CBC comedy '22 Minutes' touts bigger, younger, more diverse cast and writing staff | iNFOnews | Thompson-Okanagan's News Source

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CBC comedy '22 Minutes' touts bigger, younger, more diverse cast and writing staff

"22 Minutes" cast members, from left to right, Mark Critch, Stacey McGunnigle, Trent McClellan and Aba Amuquandoh are seen in an undated handout photo. THE CANADIAN PRESS/HO-Russell Baer, *MANDATORY CREDIT*

"This Hour Has 22 Minutes" is often billed as Canada’s longest-running scripted entertainment series, but this year it's eager to tout everything that's new — in particular a larger, younger andmore diverse writing staff and cast than ever before.

Five of the CBC comedy's seven performers have joined over the last two seasons and with the departure of Cathy Jones last spring, this will be the first without a founding cast member, notes executive producer Mike Allison.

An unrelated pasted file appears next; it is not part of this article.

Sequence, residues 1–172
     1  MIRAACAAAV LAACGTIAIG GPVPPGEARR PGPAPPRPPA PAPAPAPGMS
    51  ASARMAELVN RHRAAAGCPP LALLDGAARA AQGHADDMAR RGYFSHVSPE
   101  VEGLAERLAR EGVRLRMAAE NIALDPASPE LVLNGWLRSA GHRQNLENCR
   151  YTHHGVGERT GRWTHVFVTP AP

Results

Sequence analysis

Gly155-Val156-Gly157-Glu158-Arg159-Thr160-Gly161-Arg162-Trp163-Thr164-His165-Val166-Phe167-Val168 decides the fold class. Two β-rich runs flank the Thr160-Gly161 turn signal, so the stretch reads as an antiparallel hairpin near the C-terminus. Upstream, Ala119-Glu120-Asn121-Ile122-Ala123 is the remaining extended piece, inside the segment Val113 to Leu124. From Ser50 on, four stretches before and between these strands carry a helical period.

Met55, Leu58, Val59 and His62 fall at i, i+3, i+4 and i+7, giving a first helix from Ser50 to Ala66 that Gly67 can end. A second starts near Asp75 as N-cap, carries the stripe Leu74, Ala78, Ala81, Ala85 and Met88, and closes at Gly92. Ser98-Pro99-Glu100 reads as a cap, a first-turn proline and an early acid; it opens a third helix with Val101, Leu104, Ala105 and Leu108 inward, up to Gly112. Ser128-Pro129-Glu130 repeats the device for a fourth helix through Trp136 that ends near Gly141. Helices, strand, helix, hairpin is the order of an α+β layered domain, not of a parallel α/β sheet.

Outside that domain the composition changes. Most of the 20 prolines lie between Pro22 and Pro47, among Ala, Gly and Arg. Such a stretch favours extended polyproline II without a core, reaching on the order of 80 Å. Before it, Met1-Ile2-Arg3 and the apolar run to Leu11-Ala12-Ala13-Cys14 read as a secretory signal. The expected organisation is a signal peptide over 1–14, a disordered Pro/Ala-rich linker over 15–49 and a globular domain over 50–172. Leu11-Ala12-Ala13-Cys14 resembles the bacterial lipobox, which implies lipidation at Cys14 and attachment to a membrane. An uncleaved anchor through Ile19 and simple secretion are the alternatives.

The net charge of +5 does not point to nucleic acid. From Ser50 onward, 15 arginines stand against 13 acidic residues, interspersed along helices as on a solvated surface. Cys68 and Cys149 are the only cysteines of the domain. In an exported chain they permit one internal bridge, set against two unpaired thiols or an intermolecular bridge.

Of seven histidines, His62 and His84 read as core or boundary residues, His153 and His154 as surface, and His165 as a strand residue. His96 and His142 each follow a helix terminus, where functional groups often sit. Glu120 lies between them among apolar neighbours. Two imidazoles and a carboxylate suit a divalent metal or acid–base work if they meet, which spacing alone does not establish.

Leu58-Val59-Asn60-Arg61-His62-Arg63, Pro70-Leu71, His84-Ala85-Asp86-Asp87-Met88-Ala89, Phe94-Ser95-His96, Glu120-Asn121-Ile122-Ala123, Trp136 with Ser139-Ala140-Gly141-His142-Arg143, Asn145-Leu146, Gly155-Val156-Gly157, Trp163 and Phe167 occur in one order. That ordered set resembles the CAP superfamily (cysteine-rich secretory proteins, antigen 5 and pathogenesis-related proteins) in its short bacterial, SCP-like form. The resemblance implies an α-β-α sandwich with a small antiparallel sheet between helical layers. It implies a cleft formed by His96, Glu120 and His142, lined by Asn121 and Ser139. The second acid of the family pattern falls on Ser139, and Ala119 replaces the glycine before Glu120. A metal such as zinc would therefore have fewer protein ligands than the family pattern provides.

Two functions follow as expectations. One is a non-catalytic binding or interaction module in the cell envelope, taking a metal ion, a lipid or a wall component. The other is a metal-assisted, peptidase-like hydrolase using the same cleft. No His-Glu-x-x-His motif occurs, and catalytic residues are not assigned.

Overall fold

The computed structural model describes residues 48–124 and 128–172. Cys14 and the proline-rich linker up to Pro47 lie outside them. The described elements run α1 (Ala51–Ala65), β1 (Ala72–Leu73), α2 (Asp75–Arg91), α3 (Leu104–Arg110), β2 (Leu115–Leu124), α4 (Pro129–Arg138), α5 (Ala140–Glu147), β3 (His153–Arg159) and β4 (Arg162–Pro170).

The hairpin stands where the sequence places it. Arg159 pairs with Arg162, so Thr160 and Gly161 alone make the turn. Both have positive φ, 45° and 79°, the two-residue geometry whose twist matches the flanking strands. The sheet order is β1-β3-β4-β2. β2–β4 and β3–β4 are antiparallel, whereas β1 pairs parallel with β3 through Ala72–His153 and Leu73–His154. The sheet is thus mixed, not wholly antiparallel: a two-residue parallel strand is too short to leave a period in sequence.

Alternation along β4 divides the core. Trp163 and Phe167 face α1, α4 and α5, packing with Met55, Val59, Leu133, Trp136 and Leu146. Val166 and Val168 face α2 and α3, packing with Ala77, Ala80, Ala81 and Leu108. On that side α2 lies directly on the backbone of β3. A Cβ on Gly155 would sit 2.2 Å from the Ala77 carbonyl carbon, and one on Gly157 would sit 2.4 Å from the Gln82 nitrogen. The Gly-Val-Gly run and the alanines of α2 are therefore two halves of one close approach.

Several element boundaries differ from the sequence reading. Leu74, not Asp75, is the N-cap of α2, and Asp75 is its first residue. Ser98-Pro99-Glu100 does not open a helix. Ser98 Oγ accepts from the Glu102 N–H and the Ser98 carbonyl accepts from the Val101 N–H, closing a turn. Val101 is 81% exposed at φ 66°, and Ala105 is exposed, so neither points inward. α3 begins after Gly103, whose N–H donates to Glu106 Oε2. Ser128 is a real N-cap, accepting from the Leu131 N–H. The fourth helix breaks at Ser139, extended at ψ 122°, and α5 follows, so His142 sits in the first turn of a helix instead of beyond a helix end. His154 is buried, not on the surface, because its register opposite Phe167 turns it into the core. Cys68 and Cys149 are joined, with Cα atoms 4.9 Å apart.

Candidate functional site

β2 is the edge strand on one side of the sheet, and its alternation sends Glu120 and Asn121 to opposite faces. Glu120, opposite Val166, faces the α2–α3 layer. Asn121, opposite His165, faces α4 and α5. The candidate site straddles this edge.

"It does seem different in an exciting way," says Allison.

"I think the show is staying true to what it has been while also adjusting to what it needs to be in the future."

Premiering in 1993, the Halifax-based sketch comedy made stars out of brash Newfoundlanders Mary Walsh, Cathy Jones, Greg Thomey and Rick Mercer. Turnovers in the cast and writing talent have kept audiences laughing and prime ministers in check into a 29th season.

This year Allison says writers and cast members hail from British Columbia, Alberta, Ontario, and Atlantic Canada. With an expanded 24-episode order, the extra hands are welcome.

Allison says he and others looked at more than 160 submissions before being won over by the latest addition of Stacey McGunnigle of Alliston, Ont.

The 35-year-old millennial threw everything she had into her audition and could not believe it when she, as they say in the business, "booked it off the tape."

"I was like completely overwhelmed and excited and shocked," McGunnigle says of joining the cast. "I'm a small-town gal. I didn’t know that this was a possibility for a career, you know?"